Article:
Samsung SyncMaster 226cw - SyncMaster 226cw

Ardjuna Seghers

By Ardjuna Seghers



Our Score:


Office use is pleasant, offering a comfortably ‘dim' text mode where fonts don't lose any of their clarity or sharpness. The main caveat is again the lack of height-adjustment, or any other adjustment for that matter. Since the SyncMaster 226cw's minimal adjustability doesn't make it particularly suitable for professional use, we decided to give it a thorough run-through in games and movies, where its 1000:1 native (3000:1 dynamic) contrast ratio and various entertainment profiles ought to make it a worthy contender - and are glad to say that overall, it is.

The dynamic contrast implementation is very unusual in that there is no provision to turn it on or off; instead its activation is preset specific. But thankfully, in a marked improvement over the dynamic system on Samsung's previous 22in Pebble 2232BW, and like LG's alternative with its recent Flatron L206WU, it really does enhance the experience, making the 226cw's decent blacks even deeper without noticeable loss of dark detailing.

For movies, this is a very good display, as long as you keep in mind the limited viewing angles. Detailing is sharp, colours are vibrant enough without being oversaturated, and counting in the captivating blacks, this is definitely one of the better TNs. The ‘movie' setting makes images slightly warm, but I like the effect. If you prefer something cooler, go for ‘sports', which offers a more accurate colour reproduction. The only niggle is that Samsung doesn't manage to avoid the shimmering effect that plagues so many LCD monitors with film material.

However, the one area where the 226cw excels is in games. With overdrive turned on there is no visible ghosting or tearing, and all the advantages that help make it a good movie display make it great for gaming, especially as the shimmering and viewing angles are no longer factors. If you want a 22in to game on, this is definitely one of the better choices, as it will show you every single detail, including subtle colour tints you might not have noticed before. Though at around £230, you do pay for the privilege.

For the consumer interested in colour work or a rugged, versatile display, the SyncMaster's biggest problem can be summed up in two words: ViewSonic VP2250wb. The ViewSonic offers far superior ergonomics and viewing angles, better build quality and a USB hub, as well as an even wider colour gamut. But the Samsung does have sleek looks, a lower price and significantly less backlight bleed in its favour.

It's also worth keeping in mind that the BenQ G2400W offers a larger screen (albeit with a similar lack of adjustability), the capability to display Full HD video and more inputs for a similar price. Of course it doesn't offer as much detail, black depth or richness of colours, so you have to decide according to your priorities.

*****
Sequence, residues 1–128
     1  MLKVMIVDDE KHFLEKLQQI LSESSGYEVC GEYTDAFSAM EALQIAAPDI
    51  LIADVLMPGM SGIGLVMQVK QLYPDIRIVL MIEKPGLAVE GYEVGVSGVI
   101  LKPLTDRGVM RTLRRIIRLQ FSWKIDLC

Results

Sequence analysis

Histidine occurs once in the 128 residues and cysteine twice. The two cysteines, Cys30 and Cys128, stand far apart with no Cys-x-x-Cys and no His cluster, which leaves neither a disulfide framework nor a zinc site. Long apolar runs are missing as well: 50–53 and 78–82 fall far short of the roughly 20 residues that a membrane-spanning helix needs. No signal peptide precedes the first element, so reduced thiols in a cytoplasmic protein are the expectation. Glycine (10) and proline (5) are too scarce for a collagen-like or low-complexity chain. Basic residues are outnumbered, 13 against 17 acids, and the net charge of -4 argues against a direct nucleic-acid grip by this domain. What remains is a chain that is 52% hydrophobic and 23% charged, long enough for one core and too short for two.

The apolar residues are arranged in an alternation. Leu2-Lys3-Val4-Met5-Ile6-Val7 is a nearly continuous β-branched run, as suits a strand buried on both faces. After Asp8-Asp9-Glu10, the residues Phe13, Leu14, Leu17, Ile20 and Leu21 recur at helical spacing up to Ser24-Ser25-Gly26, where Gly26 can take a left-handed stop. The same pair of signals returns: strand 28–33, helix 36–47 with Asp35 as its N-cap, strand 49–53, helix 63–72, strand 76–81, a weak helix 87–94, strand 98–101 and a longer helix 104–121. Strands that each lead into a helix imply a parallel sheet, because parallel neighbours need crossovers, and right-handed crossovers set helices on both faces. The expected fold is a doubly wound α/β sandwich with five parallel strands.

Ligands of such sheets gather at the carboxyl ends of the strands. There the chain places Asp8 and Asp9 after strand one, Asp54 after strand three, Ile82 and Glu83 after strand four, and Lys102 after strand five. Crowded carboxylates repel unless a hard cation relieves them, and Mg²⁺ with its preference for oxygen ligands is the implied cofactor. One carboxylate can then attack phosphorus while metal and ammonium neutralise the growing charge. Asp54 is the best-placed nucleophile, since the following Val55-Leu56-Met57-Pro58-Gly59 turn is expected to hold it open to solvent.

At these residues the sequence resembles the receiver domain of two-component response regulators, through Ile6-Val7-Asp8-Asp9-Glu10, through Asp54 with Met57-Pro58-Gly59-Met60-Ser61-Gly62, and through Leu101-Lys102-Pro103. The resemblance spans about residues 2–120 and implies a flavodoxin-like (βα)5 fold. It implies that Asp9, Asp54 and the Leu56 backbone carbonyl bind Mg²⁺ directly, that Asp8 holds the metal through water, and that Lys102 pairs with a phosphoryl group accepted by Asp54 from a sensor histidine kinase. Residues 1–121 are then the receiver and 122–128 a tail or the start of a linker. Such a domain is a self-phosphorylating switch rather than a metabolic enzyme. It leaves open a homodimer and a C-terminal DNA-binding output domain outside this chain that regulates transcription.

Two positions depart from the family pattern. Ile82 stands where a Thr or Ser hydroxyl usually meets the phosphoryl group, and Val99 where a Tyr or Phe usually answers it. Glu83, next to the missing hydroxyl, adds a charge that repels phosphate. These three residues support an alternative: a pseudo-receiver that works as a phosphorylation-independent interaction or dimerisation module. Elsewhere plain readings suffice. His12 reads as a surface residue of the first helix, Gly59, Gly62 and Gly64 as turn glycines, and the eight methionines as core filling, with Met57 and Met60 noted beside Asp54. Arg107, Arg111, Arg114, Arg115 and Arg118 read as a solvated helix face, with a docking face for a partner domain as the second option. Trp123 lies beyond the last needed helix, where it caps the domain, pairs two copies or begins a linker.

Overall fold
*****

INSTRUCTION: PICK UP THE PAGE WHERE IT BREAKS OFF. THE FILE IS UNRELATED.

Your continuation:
The good news is that Samsung's attractively-styled SyncMaster 226cw offers a rich and subtly differentiated colour palette and excellent contrast with deep blacks and pure whites. The bad is that it suffers from narrow viewing angles, some banding in dark tones and a complete lack of adjustability apart from tilt, which turns it from a good monitor into a merely average one. Surprisingly, its main strength is as a PC gaming display, where the high price can be somewhat justified by a vivid and extremely detailed experience.

Overall Score


Scores In Detail

  • Value 7
  • Image Quality 7
  • Features 7
  • Design 8

Ron Royce

June 19, 2008, 3:02 am

I read this review after sending two of these back and I can't believe we saw the same product.

OK, first the good points...colours were vivid, very fast panel response and it does look very good on the desktop. It functions well although the out-of-the-box settings were, to be frank, awful.

Now the bad. Both my samples had horrendous light leakage and my test game, Doom 3 (old but great for showing up black level problems!) was ruined by a red 'sunset glow' at the bottom of the display. I also found the viewing angles to be very poor, especially in the vertical plane. Backlighting was very uneven and the panel suffered with quite excessive mura. I found the perimeter backlight method to be a major distraction as well, which I felt was a major contributor to the poor black levels I experienced on both samples. Using powerpoint I displayed a background of 20% white and the lack of uniformity from bottom to top of the display was staggering. I can't believe a company like Samsung would allow this past QC.

From the samples that I had I am suspecting we have another 226BW instalment here? Your thoughts would be appreciated.

I decided to spend a lot more money in the end after looking at several 22" monitors and being thoroughly underwhelmed by what was on offer, and now have a LaCie 324, which I am very pleased with. Fabulous colour, excellent, uniform black level, viewing angles are very good with moderate colour shift off angle but nothing like as bad as a TN. More importantly it passed the Doom 3 test :) This shows that you do indeed get what you pay for. It is a worthy replacement for my old IIyama Vision Master Pro 454, which finally gave up the ghost this week but was a stunning CRT monitor... RIP


July 1, 2008, 4:33 pm

I wouldn't be suprised if this was "another 226BW instalment", since in terms of backlight bleed especially our experiences seem to have been very different. The viewing angles were poor on my model too though. If one wants a decent-quality monitor, one's best bet right now is still a non-TN 24in, like the LaCie you have - nice choice, btw :)

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